The joy of a traditional wedding is replaced by a courthouse ceremony, devoid of smiles, flowers, or a wedding dress. As the years pass, the narrator takes up a construction job like his father, but economic hardships lead to fewer opportunities for work. The dreams and ambitions he once had start to fade away. 

Memories of his happier times by the river haunt the narrator, making him question whether dreams are merely illusions, as expressed in lines like “Is a dream a lie if it don’t come true, Or is it something worse?”

Throughout the song, the narrator expresses his regrets over missed opportunities and the burden of unfulfilled dreams.

15. “Are You Lonesome Tonight” By Elvis Presley

Are You Lonesome Tonight” by Elvis Presley is a classic song that reflects the pain of lost love and the lingering memories of a past relationship.

The lyrics begin with a series of questions, as the singer wonders if the person he’s addressing is feeling lonely and missing him, with lines like “Are you lonesome tonight?” and “Do you miss me tonight?”

He reminisces about the happy moments they shared in the past, like kissing on a bright summer day, as expressed in the lines “Does your memory stray to a bright summer day when I kissed you and called you sweetheart?”

The singer recalls how their love story began and how they fell in love at first sight; however, things changed, and the person he loved seemed to act differently, which left him confused and hurt.

The singer blames himself for not confronting the fact that his lover lied about loving him because he didn’t want to live without her. He sings, “Honey, you lied when you said you loved me, and I had no cause to doubt you, but I’d rather go on hearing your lies than go on living without you.

16. “Somebody That I Used to Know”

“Somebody That I Used to Know” by Gotye featuring Kimbra explores the aftermath of a breakup, reflecting on the complexities of past relationships and the regrets that may linger.

The lyrics open with reminiscences about the time when the narrator and their former partner were together. The lines “Told myself that you were right for me, But felt so lonely in your company” hint at the narrator’s regret for not realizing the true nature of their relationship earlier.

With this feeling of remorse still haunting him, the singer portrays the pain of their lost love as “an ache I still remember.”

17. “All Apologies” by Nirvana

“All Apologies” is a song by the American rock band Nirvana, written by the band’s iconic vocalist and guitarist, Kurt Cobain. The song serves as the final track on Nirvana’s third and last studio album, “In Utero,” which was released by DGC Records in September 1993.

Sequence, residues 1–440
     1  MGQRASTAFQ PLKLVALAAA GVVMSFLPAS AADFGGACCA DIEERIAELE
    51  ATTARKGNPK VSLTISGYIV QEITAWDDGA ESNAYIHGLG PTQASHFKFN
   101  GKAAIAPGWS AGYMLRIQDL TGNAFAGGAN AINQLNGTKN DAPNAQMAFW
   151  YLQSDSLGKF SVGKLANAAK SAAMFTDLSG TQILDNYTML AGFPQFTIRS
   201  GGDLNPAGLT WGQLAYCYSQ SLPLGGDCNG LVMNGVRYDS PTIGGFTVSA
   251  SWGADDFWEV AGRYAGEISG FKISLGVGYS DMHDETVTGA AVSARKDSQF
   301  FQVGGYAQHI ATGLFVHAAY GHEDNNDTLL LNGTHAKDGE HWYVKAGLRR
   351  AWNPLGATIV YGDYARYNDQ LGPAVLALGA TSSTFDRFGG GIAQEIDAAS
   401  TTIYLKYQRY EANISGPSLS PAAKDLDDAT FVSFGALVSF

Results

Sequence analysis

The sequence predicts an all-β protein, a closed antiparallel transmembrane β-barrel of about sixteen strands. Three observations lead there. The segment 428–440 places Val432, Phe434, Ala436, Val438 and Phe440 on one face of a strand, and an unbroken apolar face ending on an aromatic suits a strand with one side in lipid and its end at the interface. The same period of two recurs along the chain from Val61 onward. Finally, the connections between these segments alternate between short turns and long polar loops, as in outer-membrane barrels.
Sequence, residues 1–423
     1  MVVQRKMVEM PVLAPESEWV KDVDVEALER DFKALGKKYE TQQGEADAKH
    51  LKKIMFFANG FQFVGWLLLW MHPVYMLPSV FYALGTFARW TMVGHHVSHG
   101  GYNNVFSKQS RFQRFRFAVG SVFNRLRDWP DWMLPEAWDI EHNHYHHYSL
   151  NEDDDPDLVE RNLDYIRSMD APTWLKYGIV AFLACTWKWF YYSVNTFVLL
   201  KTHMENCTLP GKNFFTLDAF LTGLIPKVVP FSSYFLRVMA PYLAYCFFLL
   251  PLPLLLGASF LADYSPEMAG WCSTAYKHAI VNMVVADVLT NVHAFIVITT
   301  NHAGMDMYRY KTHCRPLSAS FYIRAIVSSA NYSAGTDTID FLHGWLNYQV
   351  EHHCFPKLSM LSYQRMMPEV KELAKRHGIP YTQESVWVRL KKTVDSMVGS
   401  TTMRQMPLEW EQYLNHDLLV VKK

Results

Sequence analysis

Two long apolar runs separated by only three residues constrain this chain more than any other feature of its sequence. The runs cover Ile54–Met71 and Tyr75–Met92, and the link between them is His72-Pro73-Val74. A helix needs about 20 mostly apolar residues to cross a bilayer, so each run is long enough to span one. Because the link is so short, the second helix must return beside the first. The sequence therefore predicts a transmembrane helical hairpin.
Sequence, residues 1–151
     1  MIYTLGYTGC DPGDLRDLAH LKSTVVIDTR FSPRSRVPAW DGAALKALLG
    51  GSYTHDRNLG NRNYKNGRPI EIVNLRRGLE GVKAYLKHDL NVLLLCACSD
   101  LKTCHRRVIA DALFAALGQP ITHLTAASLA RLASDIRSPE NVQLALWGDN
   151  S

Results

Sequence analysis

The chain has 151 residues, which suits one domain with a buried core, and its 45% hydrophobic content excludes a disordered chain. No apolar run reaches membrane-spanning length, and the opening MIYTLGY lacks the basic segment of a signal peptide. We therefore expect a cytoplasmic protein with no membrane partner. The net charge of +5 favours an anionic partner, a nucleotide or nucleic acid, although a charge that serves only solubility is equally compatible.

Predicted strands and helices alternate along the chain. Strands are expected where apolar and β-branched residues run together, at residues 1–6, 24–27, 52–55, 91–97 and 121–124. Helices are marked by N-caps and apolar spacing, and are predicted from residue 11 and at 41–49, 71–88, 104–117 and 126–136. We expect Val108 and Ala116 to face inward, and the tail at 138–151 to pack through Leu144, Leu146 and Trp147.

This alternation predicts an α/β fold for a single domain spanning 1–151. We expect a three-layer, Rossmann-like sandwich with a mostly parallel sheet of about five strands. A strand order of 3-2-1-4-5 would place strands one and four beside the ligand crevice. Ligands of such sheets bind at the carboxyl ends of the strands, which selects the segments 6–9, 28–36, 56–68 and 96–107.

The lyrics of “All Apologies” reflect a sense of introspection and self-reflection. Kurt Cobain expresses a feeling of remorse and self-doubt, pondering what he should be or say in the face of various circumstances.

In the lines “What else should I be? All apologies” it appears that Cobain is acknowledging his imperfections and seeking forgiveness for some mistakes. 

18. “Would’ve, Could’ve, Should’ve” by Taylor Swift

“Would’ve, Could’ve, Should’ve” by Taylor Swift is a song from her 2022 album “Midnight.” In this song, Taylor reflects on her past relationship, expressing regret and longing for a different outcome.

The lyrics touch on moments when she wishes things had gone differently, with lines like “If you would’ve blinked then I would’ve looked away at the first glance” and “If you never touched me, I would’ve gone along with the righteous.”

Taylor sings about how she met this person when she was 19 and how, looking back, she regrets ever getting involved with them, saying, “And I damn sure never would’ve danced with the devil at nineteen.”

She describes this person as a “ghost” who continues to haunt her, and the song conveys the idea that sometimes we make choices that lead to pain and regret.

19. “If I Could Turn Back Time” By Cher

Cher’s “If I Could Turn Back Time” is a powerful power ballad that delves into the theme of regret in a relationship. In the song, Cher expresses her deep regret for the hurtful words and actions that led to the breakup with her lover. 

The lyrics convey her sincere remorse, with lines like “If I could turn back time, I’d take back those words that have hurt you.” She acknowledges that her pride and hurtful words were like weapons that wounded her partner and led to their separation.

Cher’s desperation to make amends is evident in the lines, “If I could reach the stars, I’d give ’em all to you, then you’d love me, love me like you used to do.” She is willing to go to great lengths to win back her lover’s affection, even attempting to do the impossible if it would mean a chance to make things right.

20. “Here Comes My Baby” By Yusuf/Cat Stevens

In the song, “Here Comes My Baby,” the singer expresses his feelings of longing and regret after losing his lover. He knows that she has moved on and is now with another man, someone who can take better care of her. Despite this knowledge, he can’t help but hope for a chance to win her back, even though he knows it’s unlikely to happen.

The lyrics describe the narrator’s late-night walks filled with loneliness, as he can’t stop thinking about his lost love. He keeps seeing her in his mind and can’t escape the image of her, as he sings, “In the midnight moonlight I’ll be walking a long and lonely mile.” The recurring line “Here comes my baby, here she comes now” reflects the bittersweet feeling of seeing her with someone else.

The narrator acknowledges that he has tried to call her names and express his frustration, but it hasn’t changed the situation. He’s still waiting for her to come back to him, as he sings, “I’m still waiting for your heart.”